Could location data be your brand’s competitive advantage?
High quality, first-party data like location is a golden opportunity to get to know your customers and give them meaningful, personalized experiences. Using gamification to get location data can be the solution. Adding game mechanics to your marketing strategy can help brands build trust by offering clear benefits in exchange.
Imagine you’re shopping online at your usual supermarket, and a particular item you need is out of stock. You don’t fancy a trip to the physical store in case it’s not there, so you abandon your basket and forget about it. Later, the supermarket sends you a notification. A store near you has the item you were looking for. Do you want to reserve it?
This interaction is one example of how knowing a customer’s location could remove friction and frustration from the user journey. The shopper saved a time-consuming and potentially unsuccessful store visit, and still got the item they needed. There are other opportunities, too, from alerting customers to relevant events in their area, to telling them about the opening of a new store that stocks their favorite, hard-to-find condiment.
In these instances, knowing a customer’s zip code means brands can meet (and even anticipate) their needs. They can solve problems for their customers, give them relevant, non-intrusive and helpful messaging, and create positive brand associations on which to build future loyalty.
As the saying goes, good marketing is a two-way conversation. And as we’ve already seen, the more customers tell you about themselves, the better you can anticipate their needs, and the more value you can give them. But how can brands get the consumer data they need to offer such experiences?
With cookies and third-party data on the way out following GDPR and CCPA legislation, if you want to know your customers better, you’ll need first-party data – data they give you directly.
First-party data has a host of advantages over its outdated counterparts:
That last may seem paradoxical – but consumers actually respond better to a direct request for information than to the potential that it’s being gathered on the sly. According to a YouGov report commissioned by Playable, 36% of respondents say they’d be willing to share their zip code if asked directly.
That percentage gets even higher when there’s a clear benefit to sharing – for example, a discount, prize or enjoyable experience, like a game. 41% of consumers say they will share first-party data in return for a better brand experience. More promising still, metrics from the Playable gamification platform show the number that do choose to share is actually closer to 55%. By using gamification to gather location data, you create a meaningful experience and can enrich your database.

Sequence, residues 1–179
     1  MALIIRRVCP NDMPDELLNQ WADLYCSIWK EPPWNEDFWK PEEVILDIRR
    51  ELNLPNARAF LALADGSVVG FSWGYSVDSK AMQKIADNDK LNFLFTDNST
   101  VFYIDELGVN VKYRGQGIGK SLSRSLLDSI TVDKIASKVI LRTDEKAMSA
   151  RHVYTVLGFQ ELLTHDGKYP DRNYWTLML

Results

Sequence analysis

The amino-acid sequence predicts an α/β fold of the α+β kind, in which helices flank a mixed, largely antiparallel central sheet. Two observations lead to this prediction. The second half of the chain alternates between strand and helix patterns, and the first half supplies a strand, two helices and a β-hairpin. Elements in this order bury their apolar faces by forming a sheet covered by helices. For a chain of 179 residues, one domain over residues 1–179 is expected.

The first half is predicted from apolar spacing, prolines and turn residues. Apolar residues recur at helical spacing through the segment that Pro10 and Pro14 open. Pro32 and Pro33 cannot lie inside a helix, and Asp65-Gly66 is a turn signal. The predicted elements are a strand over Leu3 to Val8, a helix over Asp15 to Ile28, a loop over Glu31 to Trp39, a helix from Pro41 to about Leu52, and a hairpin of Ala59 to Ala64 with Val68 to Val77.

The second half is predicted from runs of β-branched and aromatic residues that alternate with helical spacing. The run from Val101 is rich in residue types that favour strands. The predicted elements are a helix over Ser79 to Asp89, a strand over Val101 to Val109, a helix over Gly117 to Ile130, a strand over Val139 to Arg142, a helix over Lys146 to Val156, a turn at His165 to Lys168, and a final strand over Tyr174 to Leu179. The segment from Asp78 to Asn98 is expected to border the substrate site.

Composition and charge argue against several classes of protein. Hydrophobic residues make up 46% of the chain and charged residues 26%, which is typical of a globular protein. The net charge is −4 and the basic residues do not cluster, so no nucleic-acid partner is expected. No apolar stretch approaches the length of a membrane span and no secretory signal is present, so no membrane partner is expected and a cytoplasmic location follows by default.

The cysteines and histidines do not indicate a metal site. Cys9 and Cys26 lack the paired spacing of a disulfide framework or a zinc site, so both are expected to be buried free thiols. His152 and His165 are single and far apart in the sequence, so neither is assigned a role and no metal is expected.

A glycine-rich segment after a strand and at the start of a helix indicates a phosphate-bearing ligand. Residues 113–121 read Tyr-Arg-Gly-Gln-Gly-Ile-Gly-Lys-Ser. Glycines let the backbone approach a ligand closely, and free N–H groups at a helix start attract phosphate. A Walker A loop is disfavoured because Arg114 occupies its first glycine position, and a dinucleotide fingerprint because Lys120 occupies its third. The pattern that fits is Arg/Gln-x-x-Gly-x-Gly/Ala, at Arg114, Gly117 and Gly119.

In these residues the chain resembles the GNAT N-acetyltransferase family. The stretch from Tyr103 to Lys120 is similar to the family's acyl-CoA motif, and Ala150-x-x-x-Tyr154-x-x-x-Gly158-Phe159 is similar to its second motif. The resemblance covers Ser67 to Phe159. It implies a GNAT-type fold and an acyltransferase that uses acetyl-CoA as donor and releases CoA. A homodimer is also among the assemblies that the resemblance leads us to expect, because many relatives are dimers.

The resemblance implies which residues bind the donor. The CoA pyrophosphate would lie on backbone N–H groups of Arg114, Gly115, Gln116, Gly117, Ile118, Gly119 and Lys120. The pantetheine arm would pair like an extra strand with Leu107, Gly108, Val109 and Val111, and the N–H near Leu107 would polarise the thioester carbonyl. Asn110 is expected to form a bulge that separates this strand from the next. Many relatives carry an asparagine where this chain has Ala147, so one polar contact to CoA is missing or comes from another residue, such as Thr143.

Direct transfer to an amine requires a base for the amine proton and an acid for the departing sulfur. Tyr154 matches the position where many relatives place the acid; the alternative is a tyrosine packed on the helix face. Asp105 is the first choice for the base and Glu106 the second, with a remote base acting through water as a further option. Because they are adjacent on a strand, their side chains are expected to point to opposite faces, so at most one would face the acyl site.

Deciding whether or not to share your personal information requires a mental cost-benefit calculation. On the one hand, sharing takes effort, is potentially intrusive, and means a certain loss of privacy. On the other, there are enticing rewards, like financial incentives, personal relevance and entertainment.
Customers are much more likely to share first-party data if it’s clear what they will get in return. Better still – if they have already got something. This means that companies that make the benefits clear from the outset are more likely to collect data than companies that don’t. In short: give, before you ask.
Adding game mechanics to your marketing strategy is one way of offering consumers a benefit straight-up. Everyone loves to play games – we’re competitive (with ourselves and each other) – and we enjoy being in-the-moment and having some fun. By offering a game first, and a registration page later, you know that players have already had a positive interaction with your brand before you ask for email permissions.
At Playable, we have seen extraordinary engagement from this approach. For the most used game types, for example, the average unique registration rate ranges from 54% to 67%. That means well over half of players choose to share information with clients who use our platform, after playing one of our games.
The benefits of gamification to aid data collection are manifold for both brands and their customers. Brands can learn about customers directly from them, and build trust by being transparent about the data they collect. They can also offer a fun, memorable experience that contributes to customer acquisition and retention.
For the customers, the benefits are outstanding personalization, an honest, transparent value exchange, and brand relationships that give them what they actually need.
The bottom line: first-party location data has the potential to transform customer relationships. But to get value, first be prepared to give it.
To learn more about how to create game-changing possibilities for your brand, take a look at the YouGov report:
Learn more about location and other first-party data.
We commissioned a study with YouGov to see how powerful data and game mechanics are